• Continue to implement the BFHI and Ten Steps Care models
  • Educate and train health care providers, child care workers, and employers about breastfeeding practice and promotion
  • Encourage families to get the preventive care and breastfeeding supplies covered under the Affordable Care Act
  • Evaluate the impact that paid and unpaid family leave has on families’ ability to reach breastfeeding goals
  • Provide federal funding to state and local initiatives that promote breastfeeding
  • Engage in further research to strengthen the relationship between breastfeeding law and policy and breastfeeding practice

Taking these steps will help ensure that families live in communities and environments that adequately promote and support breastfeeding, contributing to better health nationwide.

Footnotes

  • 1. U.S. Department of Health and Human Services, Office of the Surgeon General. The Surgeon General’s call to action to support breastfeeding [Internet]. Washington (DC): 2011, cited 2019 Mar 20. Available from: https://www.ncbi.nlm.nih. gov/books/NBK52684/?report=reader.
  • 2. U.S. Department of Health and Human Services, Office of the Surgeon General. The Surgeon General’s call to action to support breastfeeding [Internet]. Washington (DC): 2011, cited 2019 Mar 20. Available from: https://www.ncbi.nlm.nih. gov/books/NBK52684/?report=reader.
  • 3. Bartick MC, Schwarz EB, Green BD, Jegier BJ, Reinhold AG, Golaizy TT, Bogen DL, Schaefer AJ, Stube AM. Suboptimal breastfeeding in the United States: maternal and pediatric outcomes and costs. Maternal & Child nutrition. 2017 Jan;13(1):e12366.
  • 4. Baby-Friendly USA. The Baby-Friendly Hospital Initiative [Internet]. Albany (NY): Cited 2019 Mar 21. Available from: https://www.babyfriendlyusa.org/about/.
  • 5. Feltner C, Weber RP, Stuebe A, Grodensky CA, Orr C, Viswanathan M. Breastfeeding programs and policies, breastfeeding uptake, and maternal health outcomes in developed countries. Comparative effectiveness review No. 210. (Prepared by the RTI International–University of North Carolina at Chapel Hill Evidence-based Practice Center under Contract No. 290-2015-00011-I.) AHRQ Publication No. 18-EHC014-EF. Rockville, MD: Agency for Healthcare Research and Quality; July 2018. Posted final reports are located on the Effective Health Care Program search page. DOI: https://doi.org/10.23970/AHRQEPCCER210.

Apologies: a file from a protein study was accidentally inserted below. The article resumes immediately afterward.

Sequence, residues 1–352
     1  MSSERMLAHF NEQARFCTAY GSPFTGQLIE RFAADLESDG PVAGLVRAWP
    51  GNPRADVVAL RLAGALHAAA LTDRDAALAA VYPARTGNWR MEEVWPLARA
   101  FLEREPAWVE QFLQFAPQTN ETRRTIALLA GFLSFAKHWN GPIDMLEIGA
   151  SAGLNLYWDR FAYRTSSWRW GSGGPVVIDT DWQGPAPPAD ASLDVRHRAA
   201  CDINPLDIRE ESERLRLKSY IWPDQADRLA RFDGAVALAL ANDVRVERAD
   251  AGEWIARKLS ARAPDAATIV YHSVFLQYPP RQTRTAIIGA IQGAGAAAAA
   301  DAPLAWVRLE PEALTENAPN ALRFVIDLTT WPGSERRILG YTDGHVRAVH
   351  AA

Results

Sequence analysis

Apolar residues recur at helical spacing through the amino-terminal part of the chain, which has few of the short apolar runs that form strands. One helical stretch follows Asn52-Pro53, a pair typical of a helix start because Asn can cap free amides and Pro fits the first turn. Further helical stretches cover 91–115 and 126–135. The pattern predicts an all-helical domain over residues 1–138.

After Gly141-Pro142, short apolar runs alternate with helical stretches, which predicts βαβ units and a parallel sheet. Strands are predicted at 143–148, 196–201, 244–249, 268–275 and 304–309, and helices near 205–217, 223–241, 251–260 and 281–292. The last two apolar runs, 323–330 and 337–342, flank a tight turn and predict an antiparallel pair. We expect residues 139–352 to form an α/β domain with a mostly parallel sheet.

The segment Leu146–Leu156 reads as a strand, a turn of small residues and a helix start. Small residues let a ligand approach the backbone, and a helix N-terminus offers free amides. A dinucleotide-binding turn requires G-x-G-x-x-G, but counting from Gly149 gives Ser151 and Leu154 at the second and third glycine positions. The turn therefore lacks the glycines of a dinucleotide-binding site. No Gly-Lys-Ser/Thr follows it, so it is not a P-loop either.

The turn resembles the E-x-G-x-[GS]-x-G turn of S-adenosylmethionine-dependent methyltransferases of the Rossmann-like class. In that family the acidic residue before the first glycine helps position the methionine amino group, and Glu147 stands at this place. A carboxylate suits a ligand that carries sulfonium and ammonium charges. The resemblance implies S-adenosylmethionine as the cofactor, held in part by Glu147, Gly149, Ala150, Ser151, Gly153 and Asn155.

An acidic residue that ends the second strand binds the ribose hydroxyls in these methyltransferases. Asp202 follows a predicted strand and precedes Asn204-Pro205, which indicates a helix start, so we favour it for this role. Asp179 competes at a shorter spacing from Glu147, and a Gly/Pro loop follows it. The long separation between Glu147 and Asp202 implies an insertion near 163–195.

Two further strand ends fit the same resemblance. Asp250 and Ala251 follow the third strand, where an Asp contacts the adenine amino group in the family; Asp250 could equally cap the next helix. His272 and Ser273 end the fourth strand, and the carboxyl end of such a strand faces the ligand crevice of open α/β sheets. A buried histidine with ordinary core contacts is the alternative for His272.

• 6. Kramer MS, Chalmers B, Hodnett ED, et al. Promotion of Breastfeeding Intervention Trial (PROBIT): a Randomized Trial in the Republic of Belarus. JAMA. 2001;285:413-20.
  • 7. Anchondo I, Berkeley L, Mulla ZD, et al. Pediatricians’, obstetricians’, gynecologists’, and family medicine physicians’ experiences with and attitudes about breast-feeding. South Med J. 2012;105:243-8.
  • 8. Glynn SJ, Farrell J. Latinos least likely to have paid leave or workplace flexibility [Internet]. Washington, DC: Center for American Progress; 2012 Nov 20, cited 2019 Mar 25. Available from: https://www.americanprogress.org/issues/ economy/reports/2012/11/20/45394/latinos-least-likely-to-have-paid-leave-or-workplace-flexibility/.
  • 9. Dixit A, Feldman-Winter L, Szucs KA. “Frustrated,” “Depressed,” and “Devastated” pediatric trainees: U.S. academic medical centers fail to provide adequate workplace breastfeeding support. J Hum Lact. 2015.
  • 10. U.S. Department of Labor, Bureau of Labor Statistics. Employee benefits in the United States National Compensation Survey: employee benefits in the United States, March 2017 (Tables 16 and 32) [Internet]. Washington (DC): 2017 Sept, cited 2017 October 16. Available from: https://www.bls.gov/ncs/ebs/benefits/2017/ebbl0061.pdf.
  • 11. National Partnership for Women and Families. Updating the Family Medical Leave Act [Internet]. Washington (DC): 2016 Jun, cited 2019 Mar 25. Available from: http://www.nationalpartnership.org/research-library/work-family/fmla/ updating-the-fmla.pdf.
  • 12. Huang R, Yang M. Paid maternity leave and breastfeeding practice before and after California’s implementation of the nation’s first paid family leave program. Econ & Human Bio. 2015 Jan 31;16:45-59.
  • 13. U.S. Department of Health and Human Services, Health Resources and Services Administration, Maternal Child Health Bureau; in collaboration with the Administration on Children and Families. Demonstrating improvement in the Maternal, Infant, and Early Childhood Home Visiting Program: a report to Congress. Washington (DC): 2016 Mar, cited 2019
    Mar 26. Available from: https://mchb.hrsa.gov/sites/default/files/mchb/MaternalChildHealthInitiatives/HomeVisiting/pdf/reportcongress-homevisiting.pdf.